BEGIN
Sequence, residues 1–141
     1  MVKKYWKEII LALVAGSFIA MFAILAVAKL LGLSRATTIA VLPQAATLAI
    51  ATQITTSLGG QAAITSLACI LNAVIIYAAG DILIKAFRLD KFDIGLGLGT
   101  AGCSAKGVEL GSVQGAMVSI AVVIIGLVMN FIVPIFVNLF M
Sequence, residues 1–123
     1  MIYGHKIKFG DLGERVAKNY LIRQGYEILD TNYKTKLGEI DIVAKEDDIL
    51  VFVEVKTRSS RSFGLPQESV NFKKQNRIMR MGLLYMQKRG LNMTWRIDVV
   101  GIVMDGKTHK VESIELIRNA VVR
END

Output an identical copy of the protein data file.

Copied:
Sequence, residues 1–141
     1  MVKKYWKEII LALVAGSFIA MFAILAVAKL LGLSRATTIA VLPQAATLAI
    51  ATQITTSLGG QAAITSLACI LNAVIIYAAG DILIKAFRLD KFDIGLGLGT
   101  AGCSAKGVEL GSVQGAMVSI AVVIIGLVMN FIVPIFVNLF M
Sequence, residues 1–123
     1  MIYGHKIKFG DLGERVAKNY LIRQGYEILD TNYKTKLGEI DIVAKEDDIL
    51  VFVEVKTRSS RSFGLPQESV NFKKQNRIMR MGLLYMQKRG LNMTWRIDVV
   101  GIVMDGKTHK VESIELIRNA VVR